2003 Annual Science Report
Michigan State University Reporting | JUL 2002 – JUN 2003
Indigenous Bacteria of Arctic and Antarctic Permafrost
The overall goal of this project is to provide “Field Truth” about microbial biology in permafrost, and once genomic information suggests genes of importance to the cryo-environment, to test the importance of those genes or markers in situ. We have examined permafrost under typical subarctic tundra, near the East Siberian Sea, Russia and permafrost of the Beacon Dry Valley, Antarctica. This year we extended our work to the slopes of the active volcano Ploskii Tolbachik, situated on Kamchatka peninsula in the far-east of Russia. It is one of the largest modern volcanic regions with widespread glaciers and permafrost at high altitudes. This site was studied because one way to have liquid water on Mars at shallow depths would be through subglacial volcanism. Such volcano-ice interactions could be going on beneath the polar caps of Mars today, or even within the adjacent permafrost around the margins of the ice caps. We addressed the question of whether such econiches contain recently developed microbial communities. A series of boreholes, ranging from 5 to 15m depths, were drilled at different landscapes and altitudes between 800 and 2600m a.s.l. Frozen (-1 to -2°C) samples extracted from a borehole at 1100m and representing young volcanic interstratified ash, sand and scoria 12 to 16 m thick from the eruption of 1975-76 contain viable microorganisms and methane (up to 1100-1900 µlCH4/kg soil). We found both psychrophilic and thermophilic microbes in the samples, with the psychrophilic heterotrophs the most numerous followed by psychrophilic methanogens and sulfate reducers. We have obtained enrichment cultures of psychrophilic, mesophilic and thermophilic bacteria of different metabolic types, including acetogens, methanogens, sulfate reducers, ferroreducers and spore-formers. The scoria texture of these sites is presumably close to Martian regolith. Such terrestrial volcanic microbial communities in permafrost serve as good exobiological models for testing hypotheses on existing ancient microbiocenoses.
Main phylotypes of permafrost bacteria. Last year we reported initial results from our new high throughput rrn sequencing and analysis of Arctic and Antarctic permafrost bacteria. Here we report on the further analysis of this >2000 clone data set. We addressed the question of which phylotypes are common in permafrost, whether new phylotypes could be detected after incubation of the soil aerobically and anaerobically at 4°C, and which phylotypes were present under all conditions. The most and least phylotype diversity was observed in Arctic and Antarctic surface soils, respectively. After incubation at 4°C, significant changes in microbial composition was observed for all samples. Both the aerobic and anaerobic low temperature incubation yielded microbes not detected in the original samples, verifying that less numerous members are viable.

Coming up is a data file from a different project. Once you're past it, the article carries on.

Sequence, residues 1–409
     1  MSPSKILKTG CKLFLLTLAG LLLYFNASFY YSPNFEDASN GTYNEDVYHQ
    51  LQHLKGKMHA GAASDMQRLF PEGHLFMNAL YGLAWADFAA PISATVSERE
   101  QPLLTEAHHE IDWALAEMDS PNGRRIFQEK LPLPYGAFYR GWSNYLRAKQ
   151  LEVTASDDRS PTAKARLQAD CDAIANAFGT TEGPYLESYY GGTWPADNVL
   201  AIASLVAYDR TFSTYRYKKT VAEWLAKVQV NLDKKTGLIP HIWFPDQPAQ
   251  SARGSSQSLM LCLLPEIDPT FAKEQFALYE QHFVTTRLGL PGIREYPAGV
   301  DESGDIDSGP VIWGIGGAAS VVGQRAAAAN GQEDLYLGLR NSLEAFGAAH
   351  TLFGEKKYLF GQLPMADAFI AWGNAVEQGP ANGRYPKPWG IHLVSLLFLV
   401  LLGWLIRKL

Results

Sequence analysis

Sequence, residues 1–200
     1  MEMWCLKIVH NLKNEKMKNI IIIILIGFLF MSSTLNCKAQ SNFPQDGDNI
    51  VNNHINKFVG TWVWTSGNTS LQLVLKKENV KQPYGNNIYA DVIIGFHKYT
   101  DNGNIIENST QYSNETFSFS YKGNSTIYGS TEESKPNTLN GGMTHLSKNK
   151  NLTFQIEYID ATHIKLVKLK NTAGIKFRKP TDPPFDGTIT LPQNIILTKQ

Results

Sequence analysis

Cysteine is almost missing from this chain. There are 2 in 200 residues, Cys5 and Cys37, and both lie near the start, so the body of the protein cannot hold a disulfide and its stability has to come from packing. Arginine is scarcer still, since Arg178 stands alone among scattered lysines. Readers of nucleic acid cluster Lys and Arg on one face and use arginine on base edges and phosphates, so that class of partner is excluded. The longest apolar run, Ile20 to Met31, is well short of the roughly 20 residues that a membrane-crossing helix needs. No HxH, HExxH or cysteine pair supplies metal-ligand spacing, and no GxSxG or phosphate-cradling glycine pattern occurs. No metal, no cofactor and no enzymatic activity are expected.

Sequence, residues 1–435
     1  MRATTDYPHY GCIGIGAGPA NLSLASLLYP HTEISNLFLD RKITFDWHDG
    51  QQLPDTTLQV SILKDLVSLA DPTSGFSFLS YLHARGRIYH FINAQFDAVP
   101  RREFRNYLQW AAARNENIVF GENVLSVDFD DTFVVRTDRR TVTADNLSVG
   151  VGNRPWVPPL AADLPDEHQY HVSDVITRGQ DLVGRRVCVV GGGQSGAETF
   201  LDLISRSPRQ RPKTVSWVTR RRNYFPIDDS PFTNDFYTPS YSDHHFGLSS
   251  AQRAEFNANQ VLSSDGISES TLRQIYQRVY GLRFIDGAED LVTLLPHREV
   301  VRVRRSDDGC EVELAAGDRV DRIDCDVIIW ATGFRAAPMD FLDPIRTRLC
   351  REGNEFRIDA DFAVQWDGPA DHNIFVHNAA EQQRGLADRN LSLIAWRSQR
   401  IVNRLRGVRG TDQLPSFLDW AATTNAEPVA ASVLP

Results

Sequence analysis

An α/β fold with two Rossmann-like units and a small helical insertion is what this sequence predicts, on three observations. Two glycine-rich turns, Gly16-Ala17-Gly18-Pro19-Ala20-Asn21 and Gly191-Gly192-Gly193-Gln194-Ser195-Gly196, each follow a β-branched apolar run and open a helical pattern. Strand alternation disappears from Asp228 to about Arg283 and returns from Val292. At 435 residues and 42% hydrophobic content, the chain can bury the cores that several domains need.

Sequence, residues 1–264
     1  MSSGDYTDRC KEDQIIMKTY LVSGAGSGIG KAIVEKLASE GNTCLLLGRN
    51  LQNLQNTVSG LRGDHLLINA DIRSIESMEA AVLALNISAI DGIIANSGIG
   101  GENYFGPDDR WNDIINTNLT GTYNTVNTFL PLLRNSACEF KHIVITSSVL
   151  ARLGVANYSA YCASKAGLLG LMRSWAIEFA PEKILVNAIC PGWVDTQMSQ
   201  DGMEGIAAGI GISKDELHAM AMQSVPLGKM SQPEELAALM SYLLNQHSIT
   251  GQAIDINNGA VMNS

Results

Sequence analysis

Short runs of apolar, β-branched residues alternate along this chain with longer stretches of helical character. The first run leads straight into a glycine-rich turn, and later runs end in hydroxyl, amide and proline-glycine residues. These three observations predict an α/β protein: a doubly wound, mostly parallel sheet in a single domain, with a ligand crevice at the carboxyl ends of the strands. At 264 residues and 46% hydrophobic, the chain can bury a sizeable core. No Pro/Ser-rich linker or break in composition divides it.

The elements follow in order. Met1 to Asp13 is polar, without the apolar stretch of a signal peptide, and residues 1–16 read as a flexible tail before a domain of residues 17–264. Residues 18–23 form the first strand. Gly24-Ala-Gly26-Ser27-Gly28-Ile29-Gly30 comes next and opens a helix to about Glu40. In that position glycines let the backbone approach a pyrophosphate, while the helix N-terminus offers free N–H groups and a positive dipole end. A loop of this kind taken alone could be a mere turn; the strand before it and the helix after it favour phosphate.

High percent similarity between 16S rDNA of bacterial phylotypes that appeared in the original sample and the low temperature incubated indicates that those bacteria are not contaminants. Genera such as Arthrobacter , Desulfitobacterium, Kitasatospora, Chloroflexus, Nocardioides, Comamonas, Thermaerobacter, Brevibacterium, Pseudomonas, Rubrobacter, Rhodoferax, Flexibacter, Geobacter, Leptothrix represented the most common phylotypes. The results demonstrate that long-time impact of both age and subzero temperature are not a limiting factor for life preservation within permafrost and that we need to reconsider the understanding of possible limits of life in the Earth’s biosphere and possibly on Mars.
Are there tropical variants of common permafrost isolates? To help identify cold adaptive traits in the permafrost microbes, we have sought to isolate the same genera from tropical sites (in Puerto Rico). Ten soils were processed for the isolation of possible Arthrobacter, Exigiobacterium and Psychrobacter: 3 samples from the El Yunque National Forest — hot and moist ecosystem, 2 samples from Las Cabezas de San Juan Reserve — hot, dry and salty ecosystem, 2 samples from Guánica State Forest — hot and dry ecosystem, 3 samples from Las Carmelitas Cave System — tested because some references mention the presence of Arthrobacter-like bacteria in such ecosystems. We are also attempting to isolate Psychrobacter and Exiguobacterium-like microbes from seawater and fish captured from the Caribbean Sea. The former genus, which is both cold and salt tolerant, has been isolated from sea fish products. We have isolated bacteria related to Arthrobacter and Psychrobacter based on 16S ribosomal deoxyribonucleic acid (rDNA) sequence. We have also isolated at least two bacteria that show the rod-coccus cycle observed in Arthrobacter and Exiguobacterium.
PROJECT INVESTIGATORS:David Gilichinsky
Project InvestigatorLycely Sepúlveda
PROJECT MEMBERS:L. Petrovskaya
RELATED OBJECTIVES:Objective 5.1
Environment-dependent, molecular evolution in microorganisms
Biochemical adaptation to extreme environments
Environmental changes and the cycling of elements by the biota, communities, and ecosystems